virality

During my last year of college, I had the extreme pleasure of being the editor-in-chief of my school’s branch of a national publishing platform.  It was here that I was able to seek out, interview, and hire and team of writers that I was then able to communicate with almost daily, brainstorm with, and edit for.  On paper (read: screen) the position embodied everything that I planned on seeking in employment following graduation, but the more time I spent associated with the website, the more faults I saw within the system.

“Virality.” I received emails weekly with tips on how to make content viral and what gimmicks to employ to ensure this happened.  Don’t call me naive: I understand that websites like the one I had worked with need to make money, and kitschy content ensures the high number of views needed to make this happen.   But am I naive for being surprised at the sacrificing of good content for the sake of going viral?

This is not to bash the people I edited for, because my team of writers blew me away with the amount of originality and thoughtfulness they each put into their writing.  Nor is this to say anything negative about anyone else that may be reading this that written for the site.  Heck, I’m guilty of writing a couple of those “Ten Things Only ‘x’ Understand if ‘x'” pieces–when you’re creating content for a site that emphasizes page views more than anything else, it’s easy to get blindsided and forget why you sought a writer’s position in the first place and focus only on the writing topics that are going to be shared on people’s Facebook profiles rather than things that you’re passionate about/can speak to better.  (I once came across an article about Leslie Knope and the author had written “Lesley” multiple times.)  When I read stories from schools beyond my own, I noticed that basic formatting and editing rules were often being overlooked for the sake of publishing something (read: “Your Favorite Grey’s Moments, Ranked) sooner.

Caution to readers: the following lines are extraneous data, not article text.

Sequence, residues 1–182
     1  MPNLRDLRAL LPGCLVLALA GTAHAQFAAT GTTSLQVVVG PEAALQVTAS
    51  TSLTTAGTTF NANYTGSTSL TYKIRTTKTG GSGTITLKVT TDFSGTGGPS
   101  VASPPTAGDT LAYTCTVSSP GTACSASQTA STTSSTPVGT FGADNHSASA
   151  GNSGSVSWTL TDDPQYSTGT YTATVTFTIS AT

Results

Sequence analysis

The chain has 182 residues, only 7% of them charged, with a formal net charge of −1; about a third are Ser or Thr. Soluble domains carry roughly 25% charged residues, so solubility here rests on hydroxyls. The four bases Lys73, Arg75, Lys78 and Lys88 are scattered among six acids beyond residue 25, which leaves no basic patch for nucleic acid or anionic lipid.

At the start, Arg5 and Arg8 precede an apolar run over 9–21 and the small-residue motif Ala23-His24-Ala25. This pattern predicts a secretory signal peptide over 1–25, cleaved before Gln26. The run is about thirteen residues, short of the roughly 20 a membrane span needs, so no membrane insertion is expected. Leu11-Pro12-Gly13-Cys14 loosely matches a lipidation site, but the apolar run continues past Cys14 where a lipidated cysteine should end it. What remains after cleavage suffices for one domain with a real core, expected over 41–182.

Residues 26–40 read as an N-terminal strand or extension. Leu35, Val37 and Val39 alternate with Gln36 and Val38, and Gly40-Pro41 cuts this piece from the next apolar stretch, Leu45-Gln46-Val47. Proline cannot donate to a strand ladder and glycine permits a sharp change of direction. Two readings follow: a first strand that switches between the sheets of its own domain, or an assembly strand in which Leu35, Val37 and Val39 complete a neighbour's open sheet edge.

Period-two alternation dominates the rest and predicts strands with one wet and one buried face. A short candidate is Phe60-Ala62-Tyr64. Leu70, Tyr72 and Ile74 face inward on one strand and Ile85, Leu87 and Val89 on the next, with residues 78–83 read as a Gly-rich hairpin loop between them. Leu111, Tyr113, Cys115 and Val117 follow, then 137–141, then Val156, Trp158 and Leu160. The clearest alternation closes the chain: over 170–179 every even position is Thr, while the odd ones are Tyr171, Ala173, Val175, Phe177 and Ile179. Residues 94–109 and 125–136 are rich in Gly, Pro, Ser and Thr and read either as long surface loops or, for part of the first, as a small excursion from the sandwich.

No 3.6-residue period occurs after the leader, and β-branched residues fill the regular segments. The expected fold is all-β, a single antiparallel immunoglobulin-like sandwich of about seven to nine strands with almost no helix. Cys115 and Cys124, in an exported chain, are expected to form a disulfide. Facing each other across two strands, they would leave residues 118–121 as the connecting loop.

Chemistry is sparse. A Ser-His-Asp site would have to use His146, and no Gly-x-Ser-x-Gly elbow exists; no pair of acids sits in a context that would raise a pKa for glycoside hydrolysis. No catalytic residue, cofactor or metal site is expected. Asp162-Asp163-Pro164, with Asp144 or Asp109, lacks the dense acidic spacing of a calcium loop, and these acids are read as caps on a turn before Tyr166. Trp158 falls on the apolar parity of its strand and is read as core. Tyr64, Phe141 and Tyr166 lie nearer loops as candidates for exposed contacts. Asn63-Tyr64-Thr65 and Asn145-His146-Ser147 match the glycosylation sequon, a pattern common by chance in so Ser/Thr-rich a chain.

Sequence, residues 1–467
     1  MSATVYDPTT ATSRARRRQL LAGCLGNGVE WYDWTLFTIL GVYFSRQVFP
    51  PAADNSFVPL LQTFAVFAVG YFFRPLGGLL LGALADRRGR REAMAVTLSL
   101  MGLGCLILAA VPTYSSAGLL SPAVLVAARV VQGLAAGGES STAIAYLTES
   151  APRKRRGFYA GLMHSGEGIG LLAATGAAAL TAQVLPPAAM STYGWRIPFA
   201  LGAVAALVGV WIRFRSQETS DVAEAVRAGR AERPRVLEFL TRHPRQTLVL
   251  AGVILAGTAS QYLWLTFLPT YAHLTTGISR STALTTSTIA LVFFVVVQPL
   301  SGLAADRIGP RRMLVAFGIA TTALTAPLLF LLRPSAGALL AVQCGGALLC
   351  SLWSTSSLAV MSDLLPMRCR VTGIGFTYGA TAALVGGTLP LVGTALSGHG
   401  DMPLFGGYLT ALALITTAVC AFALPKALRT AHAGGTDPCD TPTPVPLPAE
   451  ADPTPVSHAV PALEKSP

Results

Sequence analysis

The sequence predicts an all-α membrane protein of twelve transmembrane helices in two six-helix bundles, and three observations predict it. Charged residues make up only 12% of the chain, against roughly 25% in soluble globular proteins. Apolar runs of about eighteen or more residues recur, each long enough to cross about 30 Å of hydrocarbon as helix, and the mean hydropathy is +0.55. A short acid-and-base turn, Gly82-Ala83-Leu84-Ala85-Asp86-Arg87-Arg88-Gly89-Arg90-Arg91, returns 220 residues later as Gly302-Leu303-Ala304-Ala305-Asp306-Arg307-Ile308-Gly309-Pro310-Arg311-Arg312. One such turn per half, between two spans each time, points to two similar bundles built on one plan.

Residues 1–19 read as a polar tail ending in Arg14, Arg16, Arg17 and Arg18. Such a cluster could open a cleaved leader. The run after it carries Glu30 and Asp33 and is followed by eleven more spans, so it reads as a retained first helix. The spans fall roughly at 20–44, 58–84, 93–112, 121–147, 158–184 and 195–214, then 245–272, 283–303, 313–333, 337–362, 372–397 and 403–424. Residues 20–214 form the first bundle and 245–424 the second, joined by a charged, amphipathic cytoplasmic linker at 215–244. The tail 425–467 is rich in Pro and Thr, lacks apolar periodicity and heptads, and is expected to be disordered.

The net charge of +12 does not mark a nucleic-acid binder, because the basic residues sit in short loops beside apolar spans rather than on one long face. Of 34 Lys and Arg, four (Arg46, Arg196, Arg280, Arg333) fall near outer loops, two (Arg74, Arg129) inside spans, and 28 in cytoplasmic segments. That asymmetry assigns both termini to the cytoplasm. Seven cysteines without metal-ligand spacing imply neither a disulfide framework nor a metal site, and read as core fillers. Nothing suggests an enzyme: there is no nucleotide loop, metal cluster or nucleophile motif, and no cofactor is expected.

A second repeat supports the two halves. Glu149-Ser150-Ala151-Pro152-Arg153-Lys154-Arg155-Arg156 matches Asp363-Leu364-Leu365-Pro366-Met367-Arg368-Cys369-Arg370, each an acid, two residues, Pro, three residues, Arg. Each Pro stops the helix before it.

And don’t get me wrong: I love those articles that show me the little secrets I missed in last night’s Pretty Little Liars, and I will not skip over a piece that ranks Michael Scott’s most quotable moments.  But I can read them and still find fault in the way they were published, right?

The day that Prince (RIP) died, I received an email from my editor saying that this was a tragedy, yes, buuuuutttt it was also the type of content that would give us a lot of views if we wrote pieces about Prince quickly before other sites picked up similar stories. Unless you count the number of times I’ve watched his New Girl episode as us hanging out, I don’t know Prince.  But this depersonalization made me sad.  This blog I write on now may not ever make me money, and it may not ever be seen by hundreds of thousands, but each word that’s written is the result of a love for writing and not with the intention of going viral.

bridget

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